Walk = It’s a twenty-minute walk each way so if you have ample amount of time then you can walk through the picturesque landscapes of the city. There are signboards all through so navigating won’t be a problem.
We took the bus ride and within ten minutes were outside the Pisa monument (Piazza di Miracaoli). We were so engrossed looking out of the window marvelling at the beautiful houses that we almost missed our stoppage. A local gentleman guessed that we are a tourist from our obvious appearance and indicated with his hand that the leaning tower stoppage has come. The stoppage is right outside the group of monuments.
Tip: Remember to validate your bus tickets once you board the train in one of the ticket validating machine on board the bus. If you don’t and if your luck is bad you might get caught by a ticket checker and get heavily fined.
What to See at Pisa
You actually do not need to buy any tickets if you want to just roam around the compound (Porta Nuova) which includes Leaning Leaning Tower of Pisa, Battistero di San Giovanni, Cattedrale di Pisa etc. If you want to climb up Leaning Tower of Pisa then you have to buy a ticket and also would need to wait as people are allowed only in batches and you would be given a particular time slot within which you have to show up at the queue outside the tower and wait for your turn. There is also a luggage restriction and only small backpacks or camera bags being allowed. This can take a long time thus if you want to climb up the tower do keep time in your hand.
Note: All historical information taken from Wikipedia
Walking Route across Porta Nuova Covering All Tourist Spots
Pisa Baptistery of St. John
(Battistero di San Giovanni)
As you enter first you will find Battistero di San Giovanni (Pisa Baptistery of St. John) to your left. This is a Roman Catholic ecclesiastical building in Pisa, Italy. Construction started in 1152 to replace an older baptistery, and when it was completed in 1363, it became the second building, in chronological order, in the Piazza dei Miracoli, near the Duomo di Pisa and the cathedral’s free-standing campanile, the famous Leaning Tower of Pisa. The baptistery was designed by Diotisalvi, whose signature can be read on two pillars inside the building, with the date 1153.
(Cattedrale di Pisa)
The next and the grandest building is the Cattedrale di Pisa (Pisa Cathedral). This is a medieval Roman Catholic cathedral dedicated to the Assumption of the Virgin Mary, in the Piazza dei Miracoli in Pisa, Italy. It is a notable example of Romanesque architecture, in particular, the style known as Pisan Romanesque. It is the seat of the Archbishop of Pisa.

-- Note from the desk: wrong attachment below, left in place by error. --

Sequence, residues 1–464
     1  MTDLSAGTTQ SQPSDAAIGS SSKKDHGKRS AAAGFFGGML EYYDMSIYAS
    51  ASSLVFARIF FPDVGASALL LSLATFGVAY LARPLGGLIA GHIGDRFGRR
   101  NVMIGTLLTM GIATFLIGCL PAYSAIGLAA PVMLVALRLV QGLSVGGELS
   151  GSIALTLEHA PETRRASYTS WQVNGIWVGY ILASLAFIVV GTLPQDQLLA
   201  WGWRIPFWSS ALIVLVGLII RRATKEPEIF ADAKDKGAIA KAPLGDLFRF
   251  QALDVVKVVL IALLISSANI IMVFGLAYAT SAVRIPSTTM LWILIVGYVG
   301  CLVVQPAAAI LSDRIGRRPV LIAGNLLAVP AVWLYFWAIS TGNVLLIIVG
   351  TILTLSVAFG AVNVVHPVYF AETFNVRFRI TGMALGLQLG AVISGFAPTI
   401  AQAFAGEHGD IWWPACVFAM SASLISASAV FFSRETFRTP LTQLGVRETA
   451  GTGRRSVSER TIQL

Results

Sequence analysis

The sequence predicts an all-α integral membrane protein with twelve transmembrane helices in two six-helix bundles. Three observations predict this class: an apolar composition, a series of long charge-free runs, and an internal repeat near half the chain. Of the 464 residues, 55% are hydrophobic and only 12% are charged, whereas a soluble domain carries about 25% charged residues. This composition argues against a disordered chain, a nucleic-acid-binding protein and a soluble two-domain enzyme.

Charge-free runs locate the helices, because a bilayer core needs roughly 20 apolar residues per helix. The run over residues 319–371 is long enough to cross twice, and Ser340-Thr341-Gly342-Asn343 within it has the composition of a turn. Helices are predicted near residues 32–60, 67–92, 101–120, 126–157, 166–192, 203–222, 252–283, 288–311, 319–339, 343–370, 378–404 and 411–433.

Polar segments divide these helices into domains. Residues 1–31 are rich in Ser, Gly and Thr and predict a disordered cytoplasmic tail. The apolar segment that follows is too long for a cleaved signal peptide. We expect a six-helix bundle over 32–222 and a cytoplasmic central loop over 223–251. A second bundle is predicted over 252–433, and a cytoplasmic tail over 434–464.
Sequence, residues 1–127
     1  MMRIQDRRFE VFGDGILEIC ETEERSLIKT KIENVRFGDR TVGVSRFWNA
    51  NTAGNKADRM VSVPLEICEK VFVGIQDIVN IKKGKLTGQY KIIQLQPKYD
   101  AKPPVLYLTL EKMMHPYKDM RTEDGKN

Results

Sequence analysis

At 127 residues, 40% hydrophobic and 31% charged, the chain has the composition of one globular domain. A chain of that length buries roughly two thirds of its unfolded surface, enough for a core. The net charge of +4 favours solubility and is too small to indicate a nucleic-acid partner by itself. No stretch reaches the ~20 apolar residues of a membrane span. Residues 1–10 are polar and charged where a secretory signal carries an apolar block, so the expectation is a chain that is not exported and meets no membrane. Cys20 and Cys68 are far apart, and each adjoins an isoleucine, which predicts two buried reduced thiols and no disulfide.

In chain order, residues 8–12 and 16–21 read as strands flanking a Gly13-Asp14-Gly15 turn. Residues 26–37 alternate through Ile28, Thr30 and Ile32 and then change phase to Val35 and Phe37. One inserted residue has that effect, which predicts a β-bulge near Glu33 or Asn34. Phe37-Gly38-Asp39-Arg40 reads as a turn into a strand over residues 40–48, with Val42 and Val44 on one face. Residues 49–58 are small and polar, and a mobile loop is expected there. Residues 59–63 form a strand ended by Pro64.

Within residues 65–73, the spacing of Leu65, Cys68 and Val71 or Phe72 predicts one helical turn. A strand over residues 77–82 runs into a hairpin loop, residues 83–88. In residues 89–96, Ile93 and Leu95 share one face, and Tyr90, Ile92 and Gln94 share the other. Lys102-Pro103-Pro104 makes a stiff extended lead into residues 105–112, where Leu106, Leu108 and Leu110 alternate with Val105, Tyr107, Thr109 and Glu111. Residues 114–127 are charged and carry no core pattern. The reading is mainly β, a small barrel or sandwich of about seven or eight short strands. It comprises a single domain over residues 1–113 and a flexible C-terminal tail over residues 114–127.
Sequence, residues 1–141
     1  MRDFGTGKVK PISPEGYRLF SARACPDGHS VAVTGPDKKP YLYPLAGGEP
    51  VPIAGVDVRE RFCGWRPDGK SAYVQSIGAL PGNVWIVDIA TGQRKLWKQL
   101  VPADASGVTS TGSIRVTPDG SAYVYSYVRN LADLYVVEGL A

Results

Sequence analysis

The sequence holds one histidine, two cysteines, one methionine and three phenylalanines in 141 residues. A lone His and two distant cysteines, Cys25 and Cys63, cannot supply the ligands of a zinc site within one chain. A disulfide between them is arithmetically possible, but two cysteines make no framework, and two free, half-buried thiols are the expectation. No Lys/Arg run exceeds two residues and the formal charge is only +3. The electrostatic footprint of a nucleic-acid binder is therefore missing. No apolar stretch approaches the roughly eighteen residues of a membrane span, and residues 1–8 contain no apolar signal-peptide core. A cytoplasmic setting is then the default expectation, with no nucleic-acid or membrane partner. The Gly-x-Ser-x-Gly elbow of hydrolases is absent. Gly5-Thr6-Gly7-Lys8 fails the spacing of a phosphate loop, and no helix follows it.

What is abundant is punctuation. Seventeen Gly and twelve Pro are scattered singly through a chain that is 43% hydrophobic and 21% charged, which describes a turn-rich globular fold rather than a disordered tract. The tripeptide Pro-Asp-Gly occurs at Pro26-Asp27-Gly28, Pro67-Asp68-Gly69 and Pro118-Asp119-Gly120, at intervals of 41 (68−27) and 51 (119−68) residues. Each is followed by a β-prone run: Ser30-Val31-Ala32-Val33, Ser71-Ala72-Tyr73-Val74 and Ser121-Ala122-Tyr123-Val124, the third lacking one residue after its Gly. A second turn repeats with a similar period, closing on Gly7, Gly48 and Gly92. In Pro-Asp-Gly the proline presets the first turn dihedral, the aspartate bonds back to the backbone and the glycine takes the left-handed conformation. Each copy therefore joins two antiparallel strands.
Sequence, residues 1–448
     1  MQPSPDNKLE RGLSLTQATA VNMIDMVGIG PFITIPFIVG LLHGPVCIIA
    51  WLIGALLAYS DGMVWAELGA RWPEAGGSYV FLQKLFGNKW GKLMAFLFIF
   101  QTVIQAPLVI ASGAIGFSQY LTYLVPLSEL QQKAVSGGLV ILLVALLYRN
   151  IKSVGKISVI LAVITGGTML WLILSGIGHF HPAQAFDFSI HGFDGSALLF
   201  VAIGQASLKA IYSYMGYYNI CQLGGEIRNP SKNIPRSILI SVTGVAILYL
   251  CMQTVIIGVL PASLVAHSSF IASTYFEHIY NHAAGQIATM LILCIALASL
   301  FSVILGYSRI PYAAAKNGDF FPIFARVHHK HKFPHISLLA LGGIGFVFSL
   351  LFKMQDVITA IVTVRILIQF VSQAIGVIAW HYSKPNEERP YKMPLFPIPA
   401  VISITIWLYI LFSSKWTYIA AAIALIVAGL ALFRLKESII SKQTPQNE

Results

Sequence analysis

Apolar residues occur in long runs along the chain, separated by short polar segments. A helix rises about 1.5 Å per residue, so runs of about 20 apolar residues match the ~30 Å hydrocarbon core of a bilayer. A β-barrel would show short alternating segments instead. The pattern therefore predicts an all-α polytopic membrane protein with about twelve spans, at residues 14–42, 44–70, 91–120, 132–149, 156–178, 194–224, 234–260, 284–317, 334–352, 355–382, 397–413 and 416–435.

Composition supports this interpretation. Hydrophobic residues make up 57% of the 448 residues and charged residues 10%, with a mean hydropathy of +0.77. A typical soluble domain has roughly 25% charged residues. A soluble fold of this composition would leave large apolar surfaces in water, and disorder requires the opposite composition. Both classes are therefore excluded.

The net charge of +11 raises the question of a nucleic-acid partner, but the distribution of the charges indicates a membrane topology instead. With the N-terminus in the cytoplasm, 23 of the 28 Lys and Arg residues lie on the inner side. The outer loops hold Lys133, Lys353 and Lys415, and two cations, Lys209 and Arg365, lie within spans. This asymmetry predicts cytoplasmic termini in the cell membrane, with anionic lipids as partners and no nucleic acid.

This is a functional church and we happened to be there on a Sunday and were lucky to find the church in service. Photography is restricted inside the church and you would be politely asked to stay quiet after all this is a church of great importance.
To the left of the Cattedrale di Pisa is Camposanto Monumentale (Monumental Cemetery). “Campo Santo” can be literally translated as “holy field”, because it is said to have been built around a shipload of sacred soil from Golgotha, brought back to Pisa from the Fourth Crusade by Ubaldo Lanfranchi, archbishop of Pisa in the 12th century. A legend claims that bodies buried in that ground will rot in just 24 hours. The burial ground lies over the ruins of the old baptistery of the church of Santa Reparata, the church that once stood where the cathedral now stands. The term “monumental” serves to differentiate it from the later-established urban cemetery in Pisa.
The walls were once covered in frescoes; the first were applied in 1360, the last about three centuries later. The first was the Crucifixion by Francesco Traini, on the southwestern side. Then, continuing to right, in the southern side, the Last Judgement, The Hell, The Triumph of Death and the Anacoreti nella Tebaide, usually attributed to Buonamico Buffalmacco. The cycle of frescoes continues with the Stories of the Old Testament by Benozzo Gozzoli (15th century) that were situated in the north gallery, while in the south arcade were the Stories of Pisan Saints, by Andrea Bonaiuti, Antonio Veneziano and Spinello Aretino (between 1377 and 1391), and the Stories of Job, by Taddeo Gaddi (end of 14th century). In the same time, in the north gallery were the Stories of the Genesis by Piero di Puccio.